Location: Floral and Nursery Plants ResearchTitle: Combating rose rosette disease: the disease, the virus and the development of new virus detection technologies
|OCHOA-CORONA, FRANCISCO - Oklahoma State University|
|OLSON, JENNIFER - Oklahoma State University|
|PARET, MATHEWS - University Of Florida|
|BABU, BINOY - University Of Florida|
|ONG, KEVIN - Texas A&M University|
|BYRNE, DAVID - Texas A&M University|
Submitted to: Southern Nursery Association Research Conference
Publication Type: Proceedings
Publication Acceptance Date: 4/26/2018
Publication Date: 10/1/2018
Citation: Jordan, R.L., Hammond, J., Ochoa-Corona, F., Olson, J., Paret, M., Babu, B., Ong, K., Byrne, D. 2018. Combating rose rosette disease: the disease, the virus and the development of new virus detection technologies. Southern Nursery Association Research Conference. 62:60-63. https://sna.org/resources/documents/18researchconferenceproceedings.pdf.
Interpretive Summary: Rose rosette virus (RRV) is a serious pathogen of roses that can kill a susceptible rose plant within 2-3 years of infection. It is transmitted by wind-blown mites and threatens to decimate the US rose industry. A recently-funded USDA, NIFA, Specialty Crops Research Initiative grant involves 17 scientists in 6 states working on a range of approaches to manage this disease. The only strategy currently available for disease management is early identification and eradication of the infected plants, thereby limiting its potential spread. User-friendly assays that can be implemented on-site with minimal specialized technology are being developed. We report here a brief review of our recent research efforts in the development of accurate, rapid, efficient, easy-to-use and affordable rose rosette virus diagnostic tools. The most consistent assay(s) will be tested and validated by several diagnostic labs and then moved via outreach to other plant diagnostic labs.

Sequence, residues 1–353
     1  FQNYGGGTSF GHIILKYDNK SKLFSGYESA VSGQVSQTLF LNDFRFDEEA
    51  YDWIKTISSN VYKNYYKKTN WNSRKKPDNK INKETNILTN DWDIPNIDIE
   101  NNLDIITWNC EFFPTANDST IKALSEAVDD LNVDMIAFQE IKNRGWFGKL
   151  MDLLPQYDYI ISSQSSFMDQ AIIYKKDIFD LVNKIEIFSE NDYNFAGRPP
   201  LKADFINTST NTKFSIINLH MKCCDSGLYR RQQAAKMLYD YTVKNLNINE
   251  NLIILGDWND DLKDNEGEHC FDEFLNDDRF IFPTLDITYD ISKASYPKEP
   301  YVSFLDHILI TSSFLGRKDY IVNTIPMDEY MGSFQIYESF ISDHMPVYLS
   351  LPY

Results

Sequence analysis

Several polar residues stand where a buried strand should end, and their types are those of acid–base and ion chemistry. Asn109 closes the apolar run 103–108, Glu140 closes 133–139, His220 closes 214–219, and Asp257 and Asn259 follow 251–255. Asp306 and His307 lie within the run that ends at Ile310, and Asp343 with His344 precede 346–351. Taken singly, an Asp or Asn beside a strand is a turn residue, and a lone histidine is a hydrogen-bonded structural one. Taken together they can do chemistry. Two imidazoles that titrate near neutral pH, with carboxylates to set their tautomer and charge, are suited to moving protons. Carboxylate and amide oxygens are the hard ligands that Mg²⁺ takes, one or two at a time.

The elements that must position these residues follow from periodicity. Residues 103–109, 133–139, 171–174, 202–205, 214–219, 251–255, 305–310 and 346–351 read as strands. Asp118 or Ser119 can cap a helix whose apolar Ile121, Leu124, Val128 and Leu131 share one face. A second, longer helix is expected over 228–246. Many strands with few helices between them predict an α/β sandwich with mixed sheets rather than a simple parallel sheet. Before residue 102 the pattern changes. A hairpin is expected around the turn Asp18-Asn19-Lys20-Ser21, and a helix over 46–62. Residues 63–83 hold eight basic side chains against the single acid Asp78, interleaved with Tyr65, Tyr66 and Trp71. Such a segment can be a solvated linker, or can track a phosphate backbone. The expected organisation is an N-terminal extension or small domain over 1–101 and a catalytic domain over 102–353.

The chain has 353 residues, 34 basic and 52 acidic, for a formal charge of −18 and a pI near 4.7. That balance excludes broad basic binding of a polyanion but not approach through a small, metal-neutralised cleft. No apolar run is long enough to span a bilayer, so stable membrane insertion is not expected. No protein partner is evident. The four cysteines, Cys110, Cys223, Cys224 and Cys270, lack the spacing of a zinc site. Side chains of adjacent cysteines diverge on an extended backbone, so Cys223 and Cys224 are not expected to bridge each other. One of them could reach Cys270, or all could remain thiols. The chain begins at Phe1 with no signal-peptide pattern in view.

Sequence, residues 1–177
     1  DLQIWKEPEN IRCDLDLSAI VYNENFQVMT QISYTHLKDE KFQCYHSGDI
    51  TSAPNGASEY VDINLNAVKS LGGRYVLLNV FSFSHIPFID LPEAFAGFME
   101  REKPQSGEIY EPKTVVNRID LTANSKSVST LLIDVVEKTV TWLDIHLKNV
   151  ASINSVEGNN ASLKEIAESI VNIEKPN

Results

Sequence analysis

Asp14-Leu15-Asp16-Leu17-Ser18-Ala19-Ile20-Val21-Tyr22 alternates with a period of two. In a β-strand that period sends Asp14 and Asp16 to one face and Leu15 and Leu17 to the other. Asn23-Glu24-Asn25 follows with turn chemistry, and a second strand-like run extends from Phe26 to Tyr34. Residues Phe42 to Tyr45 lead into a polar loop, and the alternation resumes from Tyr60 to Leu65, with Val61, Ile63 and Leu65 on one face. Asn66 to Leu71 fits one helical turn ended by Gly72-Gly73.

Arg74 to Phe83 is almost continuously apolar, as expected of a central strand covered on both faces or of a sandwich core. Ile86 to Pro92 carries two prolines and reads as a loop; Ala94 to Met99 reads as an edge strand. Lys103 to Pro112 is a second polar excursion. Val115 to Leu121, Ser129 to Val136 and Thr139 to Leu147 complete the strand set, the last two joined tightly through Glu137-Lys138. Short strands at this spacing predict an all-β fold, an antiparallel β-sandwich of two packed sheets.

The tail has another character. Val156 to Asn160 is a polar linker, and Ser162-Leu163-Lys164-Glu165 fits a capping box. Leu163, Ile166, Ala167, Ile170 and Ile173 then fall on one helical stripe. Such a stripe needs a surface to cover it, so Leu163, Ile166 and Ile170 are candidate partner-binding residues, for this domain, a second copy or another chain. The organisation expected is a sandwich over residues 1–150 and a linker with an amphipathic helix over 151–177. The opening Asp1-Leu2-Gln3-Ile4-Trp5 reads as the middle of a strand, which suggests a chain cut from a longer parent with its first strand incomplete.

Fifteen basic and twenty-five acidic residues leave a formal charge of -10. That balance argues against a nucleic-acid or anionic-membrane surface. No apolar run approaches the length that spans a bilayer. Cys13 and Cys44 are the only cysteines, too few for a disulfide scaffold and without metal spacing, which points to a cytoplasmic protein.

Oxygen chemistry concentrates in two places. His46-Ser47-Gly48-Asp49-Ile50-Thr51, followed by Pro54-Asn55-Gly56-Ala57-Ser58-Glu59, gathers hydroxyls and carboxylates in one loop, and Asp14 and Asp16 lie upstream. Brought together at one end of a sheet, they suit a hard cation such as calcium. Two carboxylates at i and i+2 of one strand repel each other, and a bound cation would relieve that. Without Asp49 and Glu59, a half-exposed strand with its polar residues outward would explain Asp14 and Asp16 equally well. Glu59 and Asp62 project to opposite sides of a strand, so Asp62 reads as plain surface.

Technical Abstract: Over the past several decades Rose Rosette Disease has become very serious and threatens to decimate the US rose industry. The causal agent, Rose rosette virus (RRV, Emaravirus), is transmitted by wind-blown eriophyid mites (Phyllocoptes fructiphilus) and can kill a rose within 2-3 years of infection. A recently-funded USDA, NIFA, Specialty Crops Research Initiative grant involves 17 scientists in 6 states working on a range of approaches to study this disease and determine how best to manage it. The only strategy currently available for disease management is early identification and eradication of the infected plants, thereby limiting its potential spread. Key to this effort is the development of efficient and affordable diagnostic tools to enable accurate detection of the virus. Molecular- and serological-based assays with potential for technology transfer and/or on-site implementation should be easy to use, offering visual detection, reliability and sensitivity to the end user. RRV-specific primers and probes (for nucleic acid-based tests) and monoclonal and polyclonal antibodies (for serology-based tests) have been developed. The rabbit polyclonal and five mouse monoclonal RRV-specific antibodies can detect viral nucleoprotein in various ELISA and western-blot formats. Validation of detection of virus from field-collected samples in is progress. An additional goal is to produce a serological lateral flow device for in-field diagnosis. Loop-mediated isothermal amplification (LAMP) and thermophilic helicase dependent amplification (tHDA) assays have been developed and are isothermal DNA amplifications which combine several desirable criteria and do not require a thermocycler. A rapid 15 minute probe-based isothermal Reverse Transcription-recombinase polymerase amplification (RT-exoRPA) assay was also developed. Broad detection of Emaravirus and species discrimination was targeted with Reverse Transcription polymerase chain reaction (RT-PCR) coupled to High Resolution Melting (HRM) analysis. A single primer-set suitable for use with three different chemistries [Endpoint RT-PCR, TaqMan-quantitative RT-PCR (RT-qPCR) and SYBR Green RT-qPCR with High Resolution Melting] was also developed. An immune-capture RT-PCR based protocol will be evaluated. The most consistent assay(s) will be tested and validated by several diagnostic labs and then moved via outreach to other plant diagnostic labs. The contribution of these methods within a holistic perspective of RRV diagnostics will be presented.